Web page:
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Dad who works as professional athlete asks if he's wrong for not waking up for baby.

Dad who works as professional athlete asks if he's wrong for not waking up for baby.


Caring for a baby takes a tremendous amount of work, and caring for a baby while caring for your relationship requires a heavy dose of honest communication and openness to compromise.

One of the hardest things to navigate while raising a baby, is splitting time between doing work to pay the bills, and the endless work of child-rearing.

In a popular post on the AITA subreddit, a dad asked if he's wrong for refusing to wake up to take care of the baby, because he needs the rest for his job as an athlete.

He wrote:

'AITA for refusing to wake up to take care of our baby​​​​?'

My wife Katie(25F) and I (28M) had our first baby together about 3 months ago. I’m an athlete and Katie’s a stay at home mom. Sleep is very important for me because of my sport.

I can’t be waking up multiple times throughout the night and be sleep deprived. Katie and I talked about this before trying for a kid, and I told her that I can’t compromise my sleep for anything short of an emergency.

I specifically mentioned that I wouldn’t be waking up during the night to help with the baby, but we could hire a night nurse to help out. Things had been going smoothly until a few days ago, when Katie was being cold and distant. I asked if something was wrong, and she said everything was fine.

She was quiet for a while, then finally mentioned that it’s extremely unfair that I’m not helping her at all with the baby during the night. I acknowledged that she has been working hard and not getting much sleep.

But we also previously agreed to this arrangement. Katie has refused to hire a night nurse to help, because she doesn’t trust someone new to watch our baby alone during the night.

I suggested that she could have a family member help, but she didn’t want to burden them. So we’ve been at an impasse. She still doesn’t want to hire help, and I’m still not waking up during the night.

Additional Info:

We have a maid that cleans and does the laundry multiple times per week, and we also have a meal delivery service that makes a majority of our food. So I’m not just dumping tons of housework on her.

Katie doesn’t have a problem with the maid being around the baby because she’s known her for a while now. We’ve also been going to regular doctor and therapist appointments, they don’t think she’s suffering from postpartum.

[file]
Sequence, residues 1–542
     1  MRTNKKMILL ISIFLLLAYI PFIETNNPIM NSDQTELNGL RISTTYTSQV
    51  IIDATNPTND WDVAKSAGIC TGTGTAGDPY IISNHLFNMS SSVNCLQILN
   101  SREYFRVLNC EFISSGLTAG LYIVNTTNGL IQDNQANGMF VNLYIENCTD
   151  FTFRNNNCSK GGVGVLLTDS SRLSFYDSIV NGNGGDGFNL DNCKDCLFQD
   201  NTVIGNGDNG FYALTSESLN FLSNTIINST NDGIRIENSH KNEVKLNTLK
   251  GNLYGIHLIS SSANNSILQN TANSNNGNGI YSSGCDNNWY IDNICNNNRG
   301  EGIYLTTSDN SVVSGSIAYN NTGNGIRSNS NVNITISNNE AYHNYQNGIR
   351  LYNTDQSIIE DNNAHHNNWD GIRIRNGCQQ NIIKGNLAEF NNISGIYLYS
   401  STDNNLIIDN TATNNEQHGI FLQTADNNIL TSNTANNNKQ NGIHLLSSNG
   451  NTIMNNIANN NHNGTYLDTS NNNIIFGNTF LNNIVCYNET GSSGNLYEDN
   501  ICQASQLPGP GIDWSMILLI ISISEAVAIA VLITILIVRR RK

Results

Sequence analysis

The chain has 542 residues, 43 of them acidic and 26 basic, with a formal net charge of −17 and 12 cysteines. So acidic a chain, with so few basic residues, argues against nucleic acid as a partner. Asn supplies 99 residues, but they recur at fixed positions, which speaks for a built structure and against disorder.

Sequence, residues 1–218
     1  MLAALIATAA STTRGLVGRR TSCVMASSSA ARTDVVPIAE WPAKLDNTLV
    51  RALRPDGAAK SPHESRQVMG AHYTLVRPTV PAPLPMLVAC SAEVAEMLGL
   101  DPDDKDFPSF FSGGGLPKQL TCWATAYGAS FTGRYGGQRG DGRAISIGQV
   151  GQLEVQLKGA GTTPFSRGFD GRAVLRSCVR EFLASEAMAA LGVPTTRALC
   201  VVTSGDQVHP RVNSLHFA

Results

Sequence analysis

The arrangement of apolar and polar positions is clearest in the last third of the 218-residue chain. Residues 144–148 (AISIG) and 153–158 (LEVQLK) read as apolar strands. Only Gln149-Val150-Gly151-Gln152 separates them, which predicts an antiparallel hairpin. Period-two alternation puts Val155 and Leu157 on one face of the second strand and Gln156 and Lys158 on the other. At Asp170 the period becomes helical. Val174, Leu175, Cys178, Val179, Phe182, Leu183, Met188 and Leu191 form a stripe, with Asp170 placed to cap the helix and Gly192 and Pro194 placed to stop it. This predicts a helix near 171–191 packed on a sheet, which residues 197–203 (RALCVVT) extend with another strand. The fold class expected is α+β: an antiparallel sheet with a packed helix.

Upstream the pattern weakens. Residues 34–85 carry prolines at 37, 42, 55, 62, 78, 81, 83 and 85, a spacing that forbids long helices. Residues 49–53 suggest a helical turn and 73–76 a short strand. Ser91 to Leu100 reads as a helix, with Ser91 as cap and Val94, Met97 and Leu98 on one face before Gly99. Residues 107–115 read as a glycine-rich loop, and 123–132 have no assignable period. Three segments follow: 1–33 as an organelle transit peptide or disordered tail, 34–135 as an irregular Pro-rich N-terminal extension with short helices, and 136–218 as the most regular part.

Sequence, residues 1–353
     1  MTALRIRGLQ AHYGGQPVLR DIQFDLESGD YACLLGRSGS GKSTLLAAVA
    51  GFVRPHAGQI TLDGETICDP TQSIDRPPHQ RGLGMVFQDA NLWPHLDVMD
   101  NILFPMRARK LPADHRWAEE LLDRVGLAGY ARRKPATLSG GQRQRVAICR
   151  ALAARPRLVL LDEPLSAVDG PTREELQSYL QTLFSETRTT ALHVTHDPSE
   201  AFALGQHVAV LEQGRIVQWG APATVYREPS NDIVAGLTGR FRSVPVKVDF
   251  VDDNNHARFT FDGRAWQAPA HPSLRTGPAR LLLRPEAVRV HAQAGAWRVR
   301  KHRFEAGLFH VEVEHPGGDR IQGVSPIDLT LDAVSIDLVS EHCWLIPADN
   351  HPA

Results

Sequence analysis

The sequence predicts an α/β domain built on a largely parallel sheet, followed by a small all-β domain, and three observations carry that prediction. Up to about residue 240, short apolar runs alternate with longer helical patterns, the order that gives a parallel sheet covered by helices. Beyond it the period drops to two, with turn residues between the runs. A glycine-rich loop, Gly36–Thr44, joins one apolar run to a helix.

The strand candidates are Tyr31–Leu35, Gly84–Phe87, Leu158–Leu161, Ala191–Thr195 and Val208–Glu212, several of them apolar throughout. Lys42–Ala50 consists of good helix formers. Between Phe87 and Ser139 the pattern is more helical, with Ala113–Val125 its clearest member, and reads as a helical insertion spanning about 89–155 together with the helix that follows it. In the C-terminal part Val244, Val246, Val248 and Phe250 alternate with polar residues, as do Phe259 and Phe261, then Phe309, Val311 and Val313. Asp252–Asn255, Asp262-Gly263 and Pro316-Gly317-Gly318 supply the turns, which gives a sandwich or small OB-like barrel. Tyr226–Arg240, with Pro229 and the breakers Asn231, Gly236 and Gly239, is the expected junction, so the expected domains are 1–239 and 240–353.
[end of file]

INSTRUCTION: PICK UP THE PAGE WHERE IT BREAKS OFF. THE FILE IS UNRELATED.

Hiring a night nurse would not be a financial burden, so the cost isn’t the issue. I spend as much time as I can caring for and bonding with our baby, just not during the night when I’m sleeping.

People quickly gave their two cents, and more.

Idk_im_someone wrote:

NTA. I thought this would be the normal story of the wife doing all the baby stuff, cooking, cleaning, etc. But you have a maid and food service so she mostly just does the baby stuff.

And seeing as how this is the only thing you’ve told her (and made clear before even having a baby) plus giving her multiple solutions. You're definitely NTA.

bokatan778 wrote:

NAH. I absolutely sympathize with your wife, I do. It’s SO hard in the beginning. Give her some grace-sleep deprivation is no joke and can totally change a person (temporarily). Is there maybe even one night a week you can help?

An off-season where you can help a bit? I hope if things don’t improve with baby’s sleep she will hire a night nurse so she isn’t so resentful, as unfortunately sounds like that’s where things are going. Best of luck to you all.

GarlicAndSapphire wrote:

INFO: Are you a professional athlete, and does the family income rely on you playing your sport? NTA. I'm never a fan of anyone who agrees to something, then decides to be angry at someone else for their decision. Especially when other options are offered.

Outside-Pie-27 wrote:

NTA. Normally I’d side with mom 100%. It sucks being the only one getting up with the baby, been there done that twice. With my first, we had a similar understanding.